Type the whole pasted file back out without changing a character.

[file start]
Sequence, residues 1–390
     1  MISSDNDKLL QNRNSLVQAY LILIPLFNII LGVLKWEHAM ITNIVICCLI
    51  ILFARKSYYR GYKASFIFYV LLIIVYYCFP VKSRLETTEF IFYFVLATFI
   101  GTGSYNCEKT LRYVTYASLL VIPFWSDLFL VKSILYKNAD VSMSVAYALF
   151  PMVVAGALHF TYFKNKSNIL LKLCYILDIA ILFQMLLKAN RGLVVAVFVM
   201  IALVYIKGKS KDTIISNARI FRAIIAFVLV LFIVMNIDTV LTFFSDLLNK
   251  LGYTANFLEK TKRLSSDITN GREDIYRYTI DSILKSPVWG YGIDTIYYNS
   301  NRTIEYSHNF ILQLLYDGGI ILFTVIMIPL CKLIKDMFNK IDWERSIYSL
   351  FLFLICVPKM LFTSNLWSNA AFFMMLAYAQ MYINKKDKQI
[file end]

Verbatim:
Sequence, residues 1–390
     1  MISSDNDKLL QNRNSLVQAY LILIPLFNII LGVLKWEHAM ITNIVICCLI
    51  ILFARKSYYR GYKASFIFYV LLIIVYYCFP VKSRLETTEF IFYFVLATFI
   101  GTGSYNCEKT LRYVTYASLL VIPFWSDLFL VKSILYKNAD VSMSVAYALF
   151  PMVVAGALHF TYFKNKSNIL LKLCYILDIA ILFQMLLKAN RGLVVAVFVM
   201  IALVYIKGKS KDTIISNARI FRAIIAFVLV LFIVMNIDTV LTFFSDLLNK
   251  LGYTANFLEK TKRLSSDITN GREDIYRYTI DSILKSPVWG YGIDTIYYNS
   301  NRTIEYSHNF ILQLLYDGGI ILFTVIMIPL CKLIKDMFNK IDWERSIYSL
   351  FLFLICVPKM LFTSNLWSNA AFFMMLAYAQ MYINKKDKQI